The More You Know (Ecclesiastes 1:12-18)

Main Idea: We don’t primarily need to know things, we need to know a Person. And God has given us a way to know Him: through Jesus.

Text:

Correct me if I’m wrong, mom, but I started going to preschool when I was 4 years old. Is that right? Then after going through Kindergarten, Elementary School, Middle School, and High School, I graduated from High School when I was 18 years old. After that, I attended college for four years, and then seminary for six years, and I graduated with a Masters in Divinity when I was 28 years old, so that I was in school for a total of 24 years of my life.

The average lifespan of a male in the United States is currently 77 years old, so assuming that I live an average lifespan today, which isn’t guaranteed, I will have spent almost a third of my life in school.

Now, I believe that a good education is important, and I believe it’s important that we continue to learn and grow even after we finish going to school. And yet, there’s truly no end to the things that we can learn. And even if we were to spend every waking moment of all of our lives learning things, we still wouldn’t even come close to knowing even a minute fraction of all the things that can be known about the world we live in.

So in a way, it’s really kind of irrational how much emphasis we put on learning and making rational decisions, when we can’t possibly know all the ins and outs about anything in order to make a truly rational decision. At some point, no matter what the subject, no matter what your belief system, every decision comes down to taking a leap of faith.

So, will you leap toward God, or away from Him?

Ecclesiastes 1:12-18

I, the Teacher, have been king over Israel in Jerusalem. I applied my mind to examine and explore through wisdom all that is done under heaven. God has given people this miserable task to keep them occupied. I have seen all the things that are done under the sun and have found everything to be futile, a pursuit of the wind.
What is crooked cannot be straightened;
what is lacking cannot be counted.
I said to myself, “See, I have amassed wisdom far beyond all those who were over Jerusalem before me, and my mind has thoroughly grasped wisdom and knowledge.” I applied my mind to know wisdom and knowledge, madness and folly; I learned that this too is a pursuit of the wind.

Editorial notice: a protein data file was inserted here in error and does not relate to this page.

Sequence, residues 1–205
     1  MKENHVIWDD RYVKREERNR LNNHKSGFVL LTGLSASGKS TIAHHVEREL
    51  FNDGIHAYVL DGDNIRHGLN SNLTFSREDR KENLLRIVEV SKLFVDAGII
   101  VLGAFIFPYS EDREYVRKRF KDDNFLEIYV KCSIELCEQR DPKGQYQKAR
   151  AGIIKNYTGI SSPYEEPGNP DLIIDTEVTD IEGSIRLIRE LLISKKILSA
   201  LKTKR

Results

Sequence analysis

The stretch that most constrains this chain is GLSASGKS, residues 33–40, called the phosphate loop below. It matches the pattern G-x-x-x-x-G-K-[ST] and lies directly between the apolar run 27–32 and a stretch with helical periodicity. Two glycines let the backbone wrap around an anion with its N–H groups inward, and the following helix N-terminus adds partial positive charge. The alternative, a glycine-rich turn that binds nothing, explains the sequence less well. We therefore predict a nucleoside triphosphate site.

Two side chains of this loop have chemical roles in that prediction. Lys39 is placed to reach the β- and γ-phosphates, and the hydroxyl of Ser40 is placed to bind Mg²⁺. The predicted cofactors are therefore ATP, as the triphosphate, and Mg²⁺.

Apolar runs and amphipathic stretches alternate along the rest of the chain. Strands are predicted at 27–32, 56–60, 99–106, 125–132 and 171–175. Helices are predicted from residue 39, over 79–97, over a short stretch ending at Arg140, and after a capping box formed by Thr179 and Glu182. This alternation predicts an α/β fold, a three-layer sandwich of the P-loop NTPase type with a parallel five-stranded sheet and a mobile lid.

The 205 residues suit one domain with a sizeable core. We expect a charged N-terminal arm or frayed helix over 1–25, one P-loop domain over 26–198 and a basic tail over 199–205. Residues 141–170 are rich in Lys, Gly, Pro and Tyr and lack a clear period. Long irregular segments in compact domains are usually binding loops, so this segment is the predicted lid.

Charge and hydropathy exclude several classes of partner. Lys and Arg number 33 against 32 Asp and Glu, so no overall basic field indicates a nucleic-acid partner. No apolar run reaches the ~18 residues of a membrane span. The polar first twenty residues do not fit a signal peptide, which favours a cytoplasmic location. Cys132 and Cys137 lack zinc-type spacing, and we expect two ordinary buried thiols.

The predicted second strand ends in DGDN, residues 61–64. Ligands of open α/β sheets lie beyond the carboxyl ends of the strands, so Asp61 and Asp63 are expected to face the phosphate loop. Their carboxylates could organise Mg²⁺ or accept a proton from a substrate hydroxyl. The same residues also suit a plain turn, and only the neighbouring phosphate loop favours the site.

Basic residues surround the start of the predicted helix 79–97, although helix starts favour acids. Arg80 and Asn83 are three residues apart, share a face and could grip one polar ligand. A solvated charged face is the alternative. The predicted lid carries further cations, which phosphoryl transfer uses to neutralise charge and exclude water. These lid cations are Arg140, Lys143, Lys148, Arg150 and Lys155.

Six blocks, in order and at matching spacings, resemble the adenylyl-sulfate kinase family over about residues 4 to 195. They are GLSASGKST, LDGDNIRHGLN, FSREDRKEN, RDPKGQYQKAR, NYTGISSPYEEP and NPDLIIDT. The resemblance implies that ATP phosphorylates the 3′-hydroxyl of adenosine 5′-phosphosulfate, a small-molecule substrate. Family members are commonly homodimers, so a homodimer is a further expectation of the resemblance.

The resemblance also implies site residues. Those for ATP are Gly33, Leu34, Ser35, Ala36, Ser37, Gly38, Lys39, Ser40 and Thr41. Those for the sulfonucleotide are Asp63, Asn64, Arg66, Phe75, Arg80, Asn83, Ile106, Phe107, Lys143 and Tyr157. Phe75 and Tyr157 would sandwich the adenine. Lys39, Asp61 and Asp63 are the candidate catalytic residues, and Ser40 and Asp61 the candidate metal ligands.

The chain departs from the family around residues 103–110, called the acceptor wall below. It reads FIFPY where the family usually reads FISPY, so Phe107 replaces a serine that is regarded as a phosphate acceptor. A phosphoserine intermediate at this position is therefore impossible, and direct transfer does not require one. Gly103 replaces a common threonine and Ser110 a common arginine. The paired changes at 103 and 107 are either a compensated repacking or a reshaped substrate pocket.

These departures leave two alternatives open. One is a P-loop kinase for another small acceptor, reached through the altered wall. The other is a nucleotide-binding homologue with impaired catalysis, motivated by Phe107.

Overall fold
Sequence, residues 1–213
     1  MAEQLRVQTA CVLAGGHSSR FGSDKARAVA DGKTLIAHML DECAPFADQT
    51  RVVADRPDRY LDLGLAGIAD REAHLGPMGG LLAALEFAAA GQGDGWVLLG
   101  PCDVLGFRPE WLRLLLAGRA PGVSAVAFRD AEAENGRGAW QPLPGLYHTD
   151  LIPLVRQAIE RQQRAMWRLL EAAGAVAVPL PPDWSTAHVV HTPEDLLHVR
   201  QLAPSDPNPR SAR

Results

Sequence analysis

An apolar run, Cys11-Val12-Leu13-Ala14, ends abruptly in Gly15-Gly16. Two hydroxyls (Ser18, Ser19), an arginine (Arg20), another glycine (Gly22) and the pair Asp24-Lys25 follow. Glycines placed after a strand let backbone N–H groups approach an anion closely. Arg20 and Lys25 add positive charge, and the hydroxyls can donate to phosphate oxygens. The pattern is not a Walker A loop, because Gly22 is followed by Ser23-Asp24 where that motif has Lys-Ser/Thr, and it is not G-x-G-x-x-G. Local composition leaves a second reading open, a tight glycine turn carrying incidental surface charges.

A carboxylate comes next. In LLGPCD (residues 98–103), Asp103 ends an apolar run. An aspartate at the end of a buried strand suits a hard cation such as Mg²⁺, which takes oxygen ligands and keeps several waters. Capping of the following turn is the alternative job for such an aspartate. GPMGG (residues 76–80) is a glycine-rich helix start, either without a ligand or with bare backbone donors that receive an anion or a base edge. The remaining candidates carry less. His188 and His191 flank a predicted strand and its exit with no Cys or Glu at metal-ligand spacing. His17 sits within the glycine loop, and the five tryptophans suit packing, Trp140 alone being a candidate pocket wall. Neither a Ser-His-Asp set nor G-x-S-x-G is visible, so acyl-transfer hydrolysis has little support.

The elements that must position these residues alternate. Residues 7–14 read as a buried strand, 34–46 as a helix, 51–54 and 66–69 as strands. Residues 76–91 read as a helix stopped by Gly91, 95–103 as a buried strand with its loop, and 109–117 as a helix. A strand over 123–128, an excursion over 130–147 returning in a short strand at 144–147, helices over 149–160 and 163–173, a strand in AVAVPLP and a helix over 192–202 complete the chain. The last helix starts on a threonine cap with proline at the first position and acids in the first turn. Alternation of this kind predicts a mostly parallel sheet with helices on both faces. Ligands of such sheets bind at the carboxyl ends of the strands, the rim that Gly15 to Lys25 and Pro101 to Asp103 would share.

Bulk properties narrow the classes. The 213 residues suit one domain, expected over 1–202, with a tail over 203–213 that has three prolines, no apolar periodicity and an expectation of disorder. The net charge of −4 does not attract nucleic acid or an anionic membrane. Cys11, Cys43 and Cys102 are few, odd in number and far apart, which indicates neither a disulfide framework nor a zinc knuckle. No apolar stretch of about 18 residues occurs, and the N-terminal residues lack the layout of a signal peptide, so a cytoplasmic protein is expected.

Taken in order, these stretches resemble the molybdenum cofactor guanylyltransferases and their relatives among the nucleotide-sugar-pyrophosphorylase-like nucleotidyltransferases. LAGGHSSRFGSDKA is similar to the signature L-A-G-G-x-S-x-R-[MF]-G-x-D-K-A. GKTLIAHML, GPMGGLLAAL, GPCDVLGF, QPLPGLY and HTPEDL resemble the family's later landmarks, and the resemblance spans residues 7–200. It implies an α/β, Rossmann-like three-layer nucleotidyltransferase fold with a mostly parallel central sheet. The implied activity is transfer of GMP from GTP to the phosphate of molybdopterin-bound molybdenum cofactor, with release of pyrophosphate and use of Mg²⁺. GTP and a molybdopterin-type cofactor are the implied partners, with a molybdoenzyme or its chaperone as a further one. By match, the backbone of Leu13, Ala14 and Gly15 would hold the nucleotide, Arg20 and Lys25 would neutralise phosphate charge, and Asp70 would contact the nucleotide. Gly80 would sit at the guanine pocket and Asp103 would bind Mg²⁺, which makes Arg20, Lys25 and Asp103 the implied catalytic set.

For with much wisdom is much sorrow;
as knowledge increases, grief increases. (Ecclesiastes 1:12-18)

Father, You alone know all things, and we’re in awe of Your knowledge and wisdom. Help us to increase in wisdom in such a way as to know You, and not merely to boast in ourselves. I pray that we would grow in our knowledge and faithfulness to Jesus. In Jesus’s name, Amen.

One way to think about the book of Ecclesiastes is to think about it in terms of the ways that we attempt to save ourselves, not in the sense of saving ourselves from our sin, but rather in the sense that we attempt to save ourselves from meaninglessness. Nobody wants to live a meaningless life, so those that truly believe that life is meaningless either decide to lay in bed all day, refusing to live life, saying “What’s the point,” or else they decide to invent an arbitrary meaning to live by, which they fully admit is ultimately meaningless.

I think we’ve all experienced this to some degree, and probably both of these extremes to some extent at times in our lives. And the reason we’ve sometimes done this is because it’s so very easy to get distracted by lesser things rather than looking to the true Meaning and Purpose for all things, which is found in God alone.

And that’s really what Ecclesiastes is all about. It takes a look at all the lesser things, and shows that they are all meaningless in and of themselves.

Verse 12.

I, the Teacher, have been king over Israel in Jerusalem. I applied my mind to examine and explore through wisdom all that is done under heaven. God has given people this miserable task to keep them occupied. I have seen all the things that are done under the sun and have found everything to be futile, a pursuit of the wind. (Ecclesiastes 1:12-14)

We talked last week about how the author of Ecclesiastes is historically believed to be Solomon. So Solomon, the king of Israel, who had everything he could possibly want, including great wisdom, sought to understand the purpose of life. And he came to the conclusion that in and of themselves, all the things that we might do in life are meaningless, like chasing after the wind.

He’s going to expand on this in the chapters to come, but he’s talking about things like making money, and accomplishing noble tasks, and seeking to understand all the complexities of human nature and how the universe functions. All of these things, that seem like necessities of life and many of which even seem to be worthy actions, if done merely for the sake of the actions themselves, are completely futile. They don’t matter at all.